A massive fish kill along the lower Illinois River last fall caused by low dissolved oxygen levels and high water temperatures forced officials from several entities to put their heads together and come up with a workable temporary fix until a permanent solution is reached.

Members of the Gore Chamber of Commerce met Wednesday and tabled their normal meeting to hear an update on the situation that so greatly impacts the town of Gore.

Representatives from the Tulsa District Corps of Engineers, Southwestern Power Administration and the Oklahoma Department of Wildlife Conservation have long been in agreement that the problems causing the fish kill will take a unified effort to resolve.

The unified effort resulted in a planned pipeline system that will transfer water from Lake Tenkiller to the mouth of the sluice gate through a 36-inch pipe with an 18-inch valve.

Kent Dunlap, Tulsa District Corps of Engineers, explained the contract for the pipeline system was awarded Aug. 28.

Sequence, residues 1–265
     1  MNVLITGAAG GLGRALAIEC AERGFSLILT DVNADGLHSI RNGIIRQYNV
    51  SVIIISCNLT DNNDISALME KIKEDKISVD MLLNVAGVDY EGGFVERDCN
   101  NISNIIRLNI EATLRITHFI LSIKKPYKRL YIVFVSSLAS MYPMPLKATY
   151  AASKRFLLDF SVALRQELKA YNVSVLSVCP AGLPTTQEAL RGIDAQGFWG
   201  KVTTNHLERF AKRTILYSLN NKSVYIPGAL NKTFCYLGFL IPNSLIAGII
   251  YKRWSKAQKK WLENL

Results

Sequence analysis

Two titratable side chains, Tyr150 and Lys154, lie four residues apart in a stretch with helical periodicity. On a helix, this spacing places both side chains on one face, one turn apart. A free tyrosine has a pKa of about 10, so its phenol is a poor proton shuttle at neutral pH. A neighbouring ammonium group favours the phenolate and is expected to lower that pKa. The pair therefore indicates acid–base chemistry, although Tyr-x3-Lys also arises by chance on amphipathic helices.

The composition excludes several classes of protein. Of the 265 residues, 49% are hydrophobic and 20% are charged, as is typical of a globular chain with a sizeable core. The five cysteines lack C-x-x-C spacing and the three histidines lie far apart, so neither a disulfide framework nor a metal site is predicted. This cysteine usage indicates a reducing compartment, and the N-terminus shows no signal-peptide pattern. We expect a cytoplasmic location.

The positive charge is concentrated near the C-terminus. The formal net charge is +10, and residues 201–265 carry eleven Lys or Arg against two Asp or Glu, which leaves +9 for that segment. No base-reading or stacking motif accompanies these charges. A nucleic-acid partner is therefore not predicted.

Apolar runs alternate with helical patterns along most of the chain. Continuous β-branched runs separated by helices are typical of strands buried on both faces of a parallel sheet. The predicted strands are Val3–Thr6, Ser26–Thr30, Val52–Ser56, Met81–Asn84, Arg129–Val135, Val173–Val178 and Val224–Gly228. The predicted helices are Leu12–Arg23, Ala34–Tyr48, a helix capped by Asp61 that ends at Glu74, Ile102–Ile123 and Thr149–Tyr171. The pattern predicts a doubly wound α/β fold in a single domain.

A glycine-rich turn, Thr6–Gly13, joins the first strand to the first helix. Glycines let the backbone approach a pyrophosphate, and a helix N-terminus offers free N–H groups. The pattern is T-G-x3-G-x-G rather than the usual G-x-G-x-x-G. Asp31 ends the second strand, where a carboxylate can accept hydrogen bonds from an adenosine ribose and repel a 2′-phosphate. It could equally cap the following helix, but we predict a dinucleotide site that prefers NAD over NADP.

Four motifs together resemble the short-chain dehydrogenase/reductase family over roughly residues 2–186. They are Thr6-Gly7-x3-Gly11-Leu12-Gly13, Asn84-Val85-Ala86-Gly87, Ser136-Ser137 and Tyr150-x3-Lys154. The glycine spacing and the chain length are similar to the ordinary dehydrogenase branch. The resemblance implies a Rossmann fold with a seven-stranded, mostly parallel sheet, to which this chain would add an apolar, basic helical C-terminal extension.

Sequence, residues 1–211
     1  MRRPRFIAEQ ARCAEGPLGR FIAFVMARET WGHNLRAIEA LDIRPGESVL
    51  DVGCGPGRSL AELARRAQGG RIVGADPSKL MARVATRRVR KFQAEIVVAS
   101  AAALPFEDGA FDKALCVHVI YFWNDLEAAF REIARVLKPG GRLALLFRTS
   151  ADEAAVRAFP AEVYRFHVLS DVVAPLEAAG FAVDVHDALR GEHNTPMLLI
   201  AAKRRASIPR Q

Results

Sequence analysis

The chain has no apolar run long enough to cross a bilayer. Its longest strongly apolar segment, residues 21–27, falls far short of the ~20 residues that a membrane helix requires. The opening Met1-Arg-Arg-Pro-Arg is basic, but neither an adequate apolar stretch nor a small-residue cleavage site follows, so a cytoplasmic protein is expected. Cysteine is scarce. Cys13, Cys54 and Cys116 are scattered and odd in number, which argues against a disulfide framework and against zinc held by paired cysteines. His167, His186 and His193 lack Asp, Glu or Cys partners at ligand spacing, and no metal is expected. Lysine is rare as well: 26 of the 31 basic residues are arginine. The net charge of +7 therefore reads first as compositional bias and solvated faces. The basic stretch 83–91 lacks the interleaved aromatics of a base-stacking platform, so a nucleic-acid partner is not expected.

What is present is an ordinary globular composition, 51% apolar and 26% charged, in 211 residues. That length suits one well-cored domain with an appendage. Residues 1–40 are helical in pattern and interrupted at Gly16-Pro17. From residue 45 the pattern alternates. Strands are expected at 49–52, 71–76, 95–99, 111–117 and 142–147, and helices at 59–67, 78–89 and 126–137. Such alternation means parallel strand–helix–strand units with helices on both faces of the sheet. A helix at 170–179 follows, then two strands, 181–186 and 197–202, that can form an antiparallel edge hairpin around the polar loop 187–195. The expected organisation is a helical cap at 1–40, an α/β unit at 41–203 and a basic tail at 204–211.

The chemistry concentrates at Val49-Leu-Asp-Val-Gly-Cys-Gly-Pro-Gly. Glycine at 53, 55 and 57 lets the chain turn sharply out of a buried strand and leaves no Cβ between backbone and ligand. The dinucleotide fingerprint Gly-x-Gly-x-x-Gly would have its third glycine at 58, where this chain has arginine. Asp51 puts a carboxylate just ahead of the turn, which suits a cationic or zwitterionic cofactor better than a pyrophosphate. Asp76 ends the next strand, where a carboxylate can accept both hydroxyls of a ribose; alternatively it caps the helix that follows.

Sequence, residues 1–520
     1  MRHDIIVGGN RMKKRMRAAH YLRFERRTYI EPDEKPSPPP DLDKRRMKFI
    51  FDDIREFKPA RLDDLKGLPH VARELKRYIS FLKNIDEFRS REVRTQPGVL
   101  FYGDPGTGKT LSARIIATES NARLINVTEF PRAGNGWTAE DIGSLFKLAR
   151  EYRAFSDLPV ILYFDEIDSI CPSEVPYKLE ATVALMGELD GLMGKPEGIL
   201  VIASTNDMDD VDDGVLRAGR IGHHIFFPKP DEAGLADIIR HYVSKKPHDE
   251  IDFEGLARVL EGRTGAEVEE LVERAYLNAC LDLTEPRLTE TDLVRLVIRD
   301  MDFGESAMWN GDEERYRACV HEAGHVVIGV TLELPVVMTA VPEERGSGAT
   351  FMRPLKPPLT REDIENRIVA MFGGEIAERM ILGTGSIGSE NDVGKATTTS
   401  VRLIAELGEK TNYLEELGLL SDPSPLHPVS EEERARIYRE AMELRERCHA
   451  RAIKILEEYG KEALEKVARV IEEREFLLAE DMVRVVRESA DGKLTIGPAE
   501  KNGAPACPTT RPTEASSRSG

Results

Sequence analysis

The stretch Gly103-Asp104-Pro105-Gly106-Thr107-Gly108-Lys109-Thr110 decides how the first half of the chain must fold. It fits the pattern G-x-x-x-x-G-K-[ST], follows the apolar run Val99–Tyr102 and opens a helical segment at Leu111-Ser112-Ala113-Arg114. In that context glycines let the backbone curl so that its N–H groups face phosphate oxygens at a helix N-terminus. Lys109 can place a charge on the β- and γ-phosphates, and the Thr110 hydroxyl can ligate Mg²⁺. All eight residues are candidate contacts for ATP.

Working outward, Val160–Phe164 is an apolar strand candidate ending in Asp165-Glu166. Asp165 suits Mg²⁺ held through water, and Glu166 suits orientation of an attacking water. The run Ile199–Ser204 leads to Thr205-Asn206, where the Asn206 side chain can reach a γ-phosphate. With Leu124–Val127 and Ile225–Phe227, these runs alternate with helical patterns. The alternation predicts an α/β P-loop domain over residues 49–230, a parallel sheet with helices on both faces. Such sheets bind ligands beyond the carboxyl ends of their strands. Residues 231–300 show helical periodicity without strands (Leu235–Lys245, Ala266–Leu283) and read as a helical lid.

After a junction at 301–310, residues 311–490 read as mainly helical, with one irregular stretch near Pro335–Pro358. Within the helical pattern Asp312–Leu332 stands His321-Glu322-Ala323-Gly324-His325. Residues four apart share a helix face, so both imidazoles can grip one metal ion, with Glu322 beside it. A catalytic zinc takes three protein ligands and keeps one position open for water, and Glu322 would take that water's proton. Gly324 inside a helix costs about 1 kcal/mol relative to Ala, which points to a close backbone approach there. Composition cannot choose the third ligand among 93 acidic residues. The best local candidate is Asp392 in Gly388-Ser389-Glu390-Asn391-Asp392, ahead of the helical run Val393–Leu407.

Dunlap said the system is a special order project and will take some time to manufacture.

Work on the pipeline should begin this fall and be completed by late January.

Oklahoma Wildlife Conservation, East Central Region Fishery Supervisor Jim Burroughs detailed the monitoring system they have installed in the river to monitor the dissolved oxygen levels and the temperatures.

Dissolved oxygen levels and water temperatures must remain in close parameters to maintain an environment conducive to a healthy fish habitat.

The healthy fish habitat is necessary for Gore’s economic health, according to Horace Lindley, town administrator.

“The monitoring system is partially in place,” Burroughs said. “With the data we collect we can see the effects of what we are doing in the river.”

Burroughs again explained oxygenating the water is more complicated than an aquarium bubbler.

He said the low flow pipeline system is critical to help conserve the very limited water storage available to the fishery.

As an even more temporary fix SWPA has released water and used it’s turbines to oxygenate the water even when they are not producing electricity.

“This is very helpful, but it is releasing more water than we actually need. That’s wasting what we can’t afford to waste,” Burroughs said.

“We are continuing to push for long term water allocation,” Burroughs said.

All the parties involved agree that a federally mandated water allocation for the express use of the fishery is the only long-term solution.

They also agree until that can be arranged, the pipeline is the best fix for the time being.